MC: Oh, absolutely. Al Jazeera started using one of the generators to turn out comics that are telling various aspects of Middle Eastern history. Also, Semafor is using generators for their videos right now, and pretty adamantly defending them. One that I was just pretty heartbroken over was the Nieman Foundation, which is literally a journalism thing. If you look on their website, I want to say about 40% of their illustrations that they have are done with generators.

PM: No way. I honestly had no idea about that, and that is shocking to me, actually.

MC: I think it comes from the lack of respect that they have for visual artists. I do not think Nieman would allow 30% or 40% of their articles to be written by ChatGPT.

PM: Absolutely. Going back to your point about labor, we see this being used, as you’re talking about, and I’ve discussed, on artists. We also see it being used on journalists, there’s a lot of new media companies that have been laying off journalists recently, and saying that they’re going to start using AI for stories. I think we can see that less as them thinking that the AI is great and more taking advantage of a tech to come along and get rid of all these workers and scare the rest of them that are around to say: You could be next if you don’t follow the line, as you’re saying. Just to back up what you were saying about the labor piece before. We see this time and time again with the tech industry, and with these so-called innovations that they put out there. What always comes to mind to me is in the mid-2010s, when there was all this discussion about how automation was going to replace all of these jobs. We needed to be worried and are we going to need a basic income?

This was all the discussion. All these truck drivers and service workers are going to lose their jobs because of automation. What actually happens is they don’t really lose their jobs, but there’s a ton of new algorithmic management that is rolled out, that gives more power to the employers over the workers. We see it in Amazon warehouses and the Uber app and how that gives them a lot more power over what used to be taxi workers, and are now ride hailing drivers. So we see this time and again. And now I think what we see with this generative AI is moving, or expanding, into other spaces, like writing or art, and to say: Don’t push back too hard, or else we supposedly can replace you with these things, even though they won’t be nearly as good. But that doesn’t matter to capital as much.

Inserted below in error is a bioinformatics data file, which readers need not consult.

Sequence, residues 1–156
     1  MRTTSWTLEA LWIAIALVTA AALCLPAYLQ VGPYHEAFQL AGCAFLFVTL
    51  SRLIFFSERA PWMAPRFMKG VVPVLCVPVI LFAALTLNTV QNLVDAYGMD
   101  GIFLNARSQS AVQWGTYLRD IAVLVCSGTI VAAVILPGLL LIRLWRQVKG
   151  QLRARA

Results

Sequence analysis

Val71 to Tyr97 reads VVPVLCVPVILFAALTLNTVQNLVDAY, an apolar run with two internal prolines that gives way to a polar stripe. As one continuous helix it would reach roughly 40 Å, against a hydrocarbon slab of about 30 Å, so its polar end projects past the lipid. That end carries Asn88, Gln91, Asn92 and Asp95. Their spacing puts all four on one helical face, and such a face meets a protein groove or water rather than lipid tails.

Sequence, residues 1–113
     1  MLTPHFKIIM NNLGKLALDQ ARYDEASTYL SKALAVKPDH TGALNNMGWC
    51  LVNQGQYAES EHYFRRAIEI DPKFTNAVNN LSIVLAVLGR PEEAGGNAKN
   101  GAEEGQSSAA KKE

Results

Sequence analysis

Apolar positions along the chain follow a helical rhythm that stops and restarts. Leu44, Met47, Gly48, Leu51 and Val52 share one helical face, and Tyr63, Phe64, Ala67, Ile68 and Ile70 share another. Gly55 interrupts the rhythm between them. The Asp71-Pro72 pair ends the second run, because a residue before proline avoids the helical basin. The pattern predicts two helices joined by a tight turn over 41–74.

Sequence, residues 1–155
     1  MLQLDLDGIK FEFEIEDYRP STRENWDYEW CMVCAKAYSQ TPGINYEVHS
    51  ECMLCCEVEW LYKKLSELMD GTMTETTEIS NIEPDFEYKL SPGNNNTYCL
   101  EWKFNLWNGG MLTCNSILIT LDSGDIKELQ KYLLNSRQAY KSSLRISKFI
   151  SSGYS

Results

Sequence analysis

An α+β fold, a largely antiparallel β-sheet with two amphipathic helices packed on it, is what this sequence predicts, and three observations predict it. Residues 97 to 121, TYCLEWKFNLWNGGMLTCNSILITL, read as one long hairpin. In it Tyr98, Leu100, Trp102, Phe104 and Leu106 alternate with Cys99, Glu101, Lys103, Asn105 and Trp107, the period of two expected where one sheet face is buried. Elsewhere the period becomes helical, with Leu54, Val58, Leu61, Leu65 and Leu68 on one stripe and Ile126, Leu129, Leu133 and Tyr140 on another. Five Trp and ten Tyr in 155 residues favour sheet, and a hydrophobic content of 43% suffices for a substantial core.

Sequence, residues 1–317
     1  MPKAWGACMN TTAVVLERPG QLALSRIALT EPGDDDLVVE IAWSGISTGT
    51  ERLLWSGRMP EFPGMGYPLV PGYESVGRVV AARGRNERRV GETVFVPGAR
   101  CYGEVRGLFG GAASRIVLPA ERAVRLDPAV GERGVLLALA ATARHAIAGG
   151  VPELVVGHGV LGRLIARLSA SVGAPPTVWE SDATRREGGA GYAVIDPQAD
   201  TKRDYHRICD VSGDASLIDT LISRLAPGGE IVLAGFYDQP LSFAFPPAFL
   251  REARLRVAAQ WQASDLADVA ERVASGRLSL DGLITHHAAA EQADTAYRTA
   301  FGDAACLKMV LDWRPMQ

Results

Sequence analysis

MC: No, exactly. I mean, there’s two things. First, they won’t be nearly as good, so we’ll hire low wage people to fix them up. But then the second thing that happens is they won’t be nearly as good, but you’ll get just get used to crap. I mean, they did that with architecture a long time ago. Look at the buildings we live in now.

PM: You’re completely right. And they’ve already been degrading the quality of the entertainment that you get from these major mega-corporations already. So they only have to go so far to get us used to what’s coming next, I guess.

MC: Yeah, absolutely. I think one of the things that the Writers Guild was really so smart about in pushing back against AI is, it’s not that they think that this magical AI is gonna write the Sopranos. It’s not that, it’s that these companies will use AI maybe to generate a concept for a script or to generate a bunch of incomprehensible schlock and then hire a real writer to rewrite it, but then say: You don’t have copyright to it. Because we have copyright to it. We had this machine excrete some crap that you had to make usable.

PM: Absolutely, no, you’ve put it so well. I mentioned earlier, there’s often this narrative or discourse of democratization that comes with these new tech tools. The technology is out there, this is going to democratize access to information or this is gonna democratize access to various skills. And I don’t know if you saw this story, but about a month or so ago, there was a YouTube channel that does animation. And they use one of these text generators to create a short animated video. But instead of using the actual work of animators to animate this sort of video, they recorded it and then ran the stills or the frames of it through an AI art generator. When they receive criticism for doing that, they said: Actually, this is democratization of the tools of animation. Now we don’t need to actually have the skills, we can just use these tools. What do you make of such a ridiculous argument as that?